When User clicks Logout button

    Then Home page is opened

    And User is not authenticated

In the beginning, we have two tags. We add them to run only chosen tests in different situations. For example, you can name a tag @smoke and run it as a smoke test, so that you can test very fundamental app functions. You may want to test only a part of the system like end-to-end order placing in the online store – just add the same tag for several tests.

Then we have the feature name and two scenarios. Those are quite obvious, but sometimes it’s good to name them with more details. Following steps starting with Given, When, Then and And can be reused many times. That’s the Behavior-Driven Development in practice. We’ll come back to this topic later.

Meantime, let’s check the proper configuration of the Behave project.

configuration of behave project

We definitely need a ‘feature’ directory with ‘pages’ and ‘steps’. Make the ‘feature’ folder as Sources Root. Just right-click on it and select the proper option. This is the place for our test scenario files with .feature extension.

test scenario files

It’s good to have some constant values in a separate file so that it will change only here when needed. Let’s call it config.json and put the URL of the tested web application.


config.json

{

  "url": "http://drabinajakuba.atthost24.pl/"

}

One more thing we need is a file where we set webdriver options. 

Those are required imports and some global values like, e.g. a name of AWS S3 bucket in which we want to have screenshots or local directory to store them in. As far as we know, bucket names should be unique in whole AWS S3, so you should probably change them but keep the meaning.


environment.py

 

import os

import platform

from datetime import date, datetime

import json

 

import boto3

from selenium import webdriver

from selenium.webdriver.chrome.options import Options

 

REPORTS_BUCKET = 'aws-selenium-test-reports'

SCREENSHOTS_FOLDER = 'failed_scenarios_screenshots/'

CURRENT_DATE = str(date.today())

DATETIME_FORMAT = '%H_%M_%S'

Then we have a function for getting given value from our config.json file. The path of this file depends on the system platform – Windows or Darwin (Mac) would be local, Linux in this case is in AWS. If you need to run these tests locally on Linux, you should probably add some environment variables and check them here.


def get_from_config(what):

    if 'Linux' in platform.system():

        with open('/opt/config.json') as json_file:

            data = json.load(json_file)

            return data[what]

    elif 'Darwin' in platform.system():

        with open(os.getcwd() + '/features/config.json') as json_file:

            data = json.load(json_file)

            return data[what]

    else:

        with open(os.getcwd() + '\\features\\config.json') as json_file:

            data = json.load(json_file)

            return data[what]

Now we can finally specify paths to chromedriver and set browser options which also depend on the system platform. There’re a few more options required on AWS.


def set_linux_driver(context):

    """

    Run on AWS

    """

    print("Running on AWS (Linux)")

    options = Options()

    options.binary_location = '/opt/headless-chromium'

    options.add_argument('--allow-running-insecure-content')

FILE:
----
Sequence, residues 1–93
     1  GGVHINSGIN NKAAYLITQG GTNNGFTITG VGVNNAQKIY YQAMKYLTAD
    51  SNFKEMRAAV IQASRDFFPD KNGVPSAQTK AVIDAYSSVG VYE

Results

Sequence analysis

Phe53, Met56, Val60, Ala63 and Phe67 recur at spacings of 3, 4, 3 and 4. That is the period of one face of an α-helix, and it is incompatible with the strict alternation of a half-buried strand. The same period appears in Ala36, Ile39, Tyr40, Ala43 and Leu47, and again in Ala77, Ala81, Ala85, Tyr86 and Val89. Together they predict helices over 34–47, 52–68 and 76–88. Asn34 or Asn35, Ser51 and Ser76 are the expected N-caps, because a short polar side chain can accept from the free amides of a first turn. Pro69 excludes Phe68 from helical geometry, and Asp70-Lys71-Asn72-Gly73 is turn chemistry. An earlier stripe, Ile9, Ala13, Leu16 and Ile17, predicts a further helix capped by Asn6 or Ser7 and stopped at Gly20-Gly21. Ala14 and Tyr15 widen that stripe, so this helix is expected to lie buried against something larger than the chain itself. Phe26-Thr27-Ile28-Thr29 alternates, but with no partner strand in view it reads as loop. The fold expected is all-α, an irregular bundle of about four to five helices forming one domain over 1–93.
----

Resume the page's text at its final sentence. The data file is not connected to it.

options.add_argument('--ignore-certificate-errors')

    options.add_argument('--disable-gpu')

    options.add_argument('--headless')

    options.add_argument('--window-size=1280,1000')

    options.add_argument('--single-process')

    options.add_argument('--no-sandbox')

    options.add_argument('--disable-dev-shm-usage')

    capabilities = webdriver.DesiredCapabilities().CHROME

    capabilities['acceptSslCerts'] = True

    capabilities['acceptInsecureCerts'] = True

 

    context.browser = webdriver.Chrome(

        '/opt/chromedriver', chrome_options=options, desired_capabilities=capabilities

    )

 

 

def set_windows_driver(context):

    """

    Run locally on Windows

    """

    print('Running on Windows')

    options = Options()

    options.add_argument('--no-sandbox')

    options.add_argument('--window-size=1280,1000')

    options.add_argument('--headless')

    context.browser = webdriver.Chrome(

        os.path.dirname(os.getcwd()) + '\\driver\\chromedriver.exe', chrome_options=options

    )

 

 

 

def set_mac_driver(context):

    """

    Run locally on Mac

    """

    print("Running on Mac")

    options = Options()

    options.add_argument('--no-sandbox')

    options.add_argument('--window-size=1280,1000')

    options.add_argument('--headless')

    context.browser = webdriver.Chrome(

        os.path.dirname(os.getcwd()) + '/driver/chromedriver', chrome_options=options

    )

 

 

def set_driver(context):

    if 'Linux' in platform.system():

        set_linux_driver(context)

    elif 'Darwin' in platform.system():

        set_mac_driver(context)

    else:

        set_windows_driver(context)

Webdriver needs to be set before all tests, and in the end, our browser should be closed.


def before_all(context):

    set_driver(context)

 

 

def after_all(context):

    context.browser.quit()

Last but not least, taking screenshots of test failure. Local storage differs from the AWS bucket, so this needs to be set correctly.


def after_scenario(context, scenario):

    if scenario.status == 'failed':

        print('Scenario failed!')

        current_time = datetime.now().strftime(DATETIME_FORMAT)

        file_name = f'{scenario.name.replace(" ", "_")}-{current_time}.png'